The solar system follows the galactic standard—but it is a rare breed
Researchers at the Niels Bohr Institute, University of Copenhagen, have investigated more than 1000 planetary systems orbiting stars in our own galaxy, the Milky Way, and have discovered a series of connections between planetary orbits, number of planets, occurrence and the distance to their stars. It turns out that our own solar system in some ways is very rare, and in others very ordinary.
It is rare to have eight planets, but the study shows that the solar system follows exactly the same, very basic rules for the formation of planets around a star that they all do. The question about what exactly makes it so special that it harbors life is still a good question. The study is now published in MNRAS
Eccentric planet orbits are the key to determining the number of planets
There is a very clear correlation between the eccentricity of the orbits and the number of planets in any given solar system. When the planets form, they begin in circular orbits in a cloud of gas and dust. But they are still relatively small in size, up to sizes comparable to the moon. On a slightly longer time scale they interact via gravitation and acquire more and more eccentric or elliptic orbits. This means they start colliding because elliptical orbits cross one another—and so the planets grow in size due to the collisions. If the end result of the collisions is that all the pieces become just one or a few planets, then they stay in elliptical orbits. But if they end up becoming many planets, the gravitational pull between them makes them lose energy—and so they form more and more circular orbits.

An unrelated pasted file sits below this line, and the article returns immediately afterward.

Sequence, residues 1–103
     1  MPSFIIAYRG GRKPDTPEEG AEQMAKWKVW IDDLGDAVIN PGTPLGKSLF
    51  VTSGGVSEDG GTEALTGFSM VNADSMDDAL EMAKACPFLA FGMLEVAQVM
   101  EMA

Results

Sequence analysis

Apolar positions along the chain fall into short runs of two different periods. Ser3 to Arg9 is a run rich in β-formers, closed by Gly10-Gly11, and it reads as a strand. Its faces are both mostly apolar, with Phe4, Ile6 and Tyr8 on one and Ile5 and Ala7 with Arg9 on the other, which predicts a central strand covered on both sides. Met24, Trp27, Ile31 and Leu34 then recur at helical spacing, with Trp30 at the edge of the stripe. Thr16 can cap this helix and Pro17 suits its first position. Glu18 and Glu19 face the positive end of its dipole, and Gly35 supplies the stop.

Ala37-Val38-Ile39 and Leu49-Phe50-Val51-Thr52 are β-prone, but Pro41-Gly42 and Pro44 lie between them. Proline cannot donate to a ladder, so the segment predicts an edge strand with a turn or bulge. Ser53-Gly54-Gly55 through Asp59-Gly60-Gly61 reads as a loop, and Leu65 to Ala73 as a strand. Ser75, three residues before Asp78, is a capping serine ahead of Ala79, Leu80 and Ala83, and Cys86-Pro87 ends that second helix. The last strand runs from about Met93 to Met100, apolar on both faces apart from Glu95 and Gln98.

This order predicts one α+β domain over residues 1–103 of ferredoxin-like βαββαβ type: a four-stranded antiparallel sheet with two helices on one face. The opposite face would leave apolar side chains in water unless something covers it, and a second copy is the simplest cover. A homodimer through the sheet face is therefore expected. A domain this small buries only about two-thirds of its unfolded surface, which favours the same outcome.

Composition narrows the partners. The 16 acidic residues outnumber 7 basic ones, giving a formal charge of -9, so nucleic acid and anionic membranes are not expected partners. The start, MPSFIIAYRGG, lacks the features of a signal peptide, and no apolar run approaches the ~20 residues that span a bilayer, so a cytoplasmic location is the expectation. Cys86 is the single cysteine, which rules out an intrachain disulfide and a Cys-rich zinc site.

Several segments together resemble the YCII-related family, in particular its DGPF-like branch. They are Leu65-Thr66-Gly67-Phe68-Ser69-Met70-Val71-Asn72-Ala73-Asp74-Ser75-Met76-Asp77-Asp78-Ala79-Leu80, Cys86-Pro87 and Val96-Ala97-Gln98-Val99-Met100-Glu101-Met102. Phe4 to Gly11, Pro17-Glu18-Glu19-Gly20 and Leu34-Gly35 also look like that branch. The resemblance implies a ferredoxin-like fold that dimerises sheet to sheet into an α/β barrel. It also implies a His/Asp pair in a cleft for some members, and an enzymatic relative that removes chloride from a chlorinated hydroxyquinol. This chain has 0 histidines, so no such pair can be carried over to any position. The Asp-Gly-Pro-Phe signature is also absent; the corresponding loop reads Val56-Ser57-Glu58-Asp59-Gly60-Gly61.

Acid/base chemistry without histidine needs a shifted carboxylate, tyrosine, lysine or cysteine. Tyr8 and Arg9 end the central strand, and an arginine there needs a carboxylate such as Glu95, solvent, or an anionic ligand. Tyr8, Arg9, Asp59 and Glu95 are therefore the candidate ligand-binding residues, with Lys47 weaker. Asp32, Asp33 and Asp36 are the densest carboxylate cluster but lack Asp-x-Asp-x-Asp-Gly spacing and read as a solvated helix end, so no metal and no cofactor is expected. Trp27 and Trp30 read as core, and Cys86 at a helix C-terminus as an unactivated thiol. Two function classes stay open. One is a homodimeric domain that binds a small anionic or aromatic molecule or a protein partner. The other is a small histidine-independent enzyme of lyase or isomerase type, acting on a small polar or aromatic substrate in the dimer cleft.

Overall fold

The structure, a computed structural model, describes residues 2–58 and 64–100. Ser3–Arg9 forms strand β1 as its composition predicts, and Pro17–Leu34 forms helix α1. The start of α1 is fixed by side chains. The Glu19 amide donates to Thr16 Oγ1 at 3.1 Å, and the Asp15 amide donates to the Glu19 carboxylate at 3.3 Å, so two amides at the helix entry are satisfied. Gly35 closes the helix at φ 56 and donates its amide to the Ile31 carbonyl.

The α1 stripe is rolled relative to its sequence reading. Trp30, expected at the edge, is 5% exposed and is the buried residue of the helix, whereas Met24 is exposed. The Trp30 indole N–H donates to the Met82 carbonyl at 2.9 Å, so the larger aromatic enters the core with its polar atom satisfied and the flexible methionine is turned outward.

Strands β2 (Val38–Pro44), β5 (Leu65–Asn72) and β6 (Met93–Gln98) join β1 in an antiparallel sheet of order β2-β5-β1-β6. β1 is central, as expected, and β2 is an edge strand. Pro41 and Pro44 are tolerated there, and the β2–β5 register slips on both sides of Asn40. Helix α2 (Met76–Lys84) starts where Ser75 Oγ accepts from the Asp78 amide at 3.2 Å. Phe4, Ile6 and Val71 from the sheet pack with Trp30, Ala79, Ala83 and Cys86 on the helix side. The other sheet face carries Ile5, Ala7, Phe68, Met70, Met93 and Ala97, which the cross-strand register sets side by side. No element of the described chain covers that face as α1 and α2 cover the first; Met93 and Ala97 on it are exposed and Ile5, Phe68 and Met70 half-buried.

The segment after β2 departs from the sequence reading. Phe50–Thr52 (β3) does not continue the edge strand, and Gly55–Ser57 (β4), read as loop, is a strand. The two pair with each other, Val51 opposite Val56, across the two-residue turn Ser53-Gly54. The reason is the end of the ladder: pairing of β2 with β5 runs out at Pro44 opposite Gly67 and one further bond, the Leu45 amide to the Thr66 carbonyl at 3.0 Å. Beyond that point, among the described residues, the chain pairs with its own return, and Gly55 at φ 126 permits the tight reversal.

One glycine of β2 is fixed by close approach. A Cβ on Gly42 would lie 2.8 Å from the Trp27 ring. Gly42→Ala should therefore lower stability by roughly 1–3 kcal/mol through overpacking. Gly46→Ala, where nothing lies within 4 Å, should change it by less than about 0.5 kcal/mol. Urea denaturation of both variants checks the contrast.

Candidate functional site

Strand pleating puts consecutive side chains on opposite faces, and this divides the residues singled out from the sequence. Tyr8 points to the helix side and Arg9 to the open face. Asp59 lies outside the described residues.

The researchers have found a very clear correlation between the number of planets and how circular the orbits are. "Actually, this is not really a surprise," professor Uffe Gråe Jørgensen explains. "But our solar system is unique in the sense that no other solar systems with as many planets as ours are known. So perhaps it could be expected that our solar system doesn't fit into the correlation. But it does—as a matter of fact, it is right on."
The only solar systems that don't fit into this rule are systems with only one planet. In some cases, the reason is that in these single-planet systems, the planet is orbiting the star in very close proximity, but in others, the reason is that the systems may actually hold more planets that initially assumed. "In these cases, we believe that the deviation from the rule can help us reveal more planets that were hidden up until now," Nanna Bach-Møller, first author of the scientific article, explains. If we are able to see the extent of eccentricity of the planet orbit, then we know how many other planets must be in the system—and vice versa, if we have the number of planets, we now know their orbits. "This would be a very important tool for detecting planetary systems like our own solar system, because many exoplanets similar to the planets in our solar system would be difficult to detect directly, if we don't know where to look for them."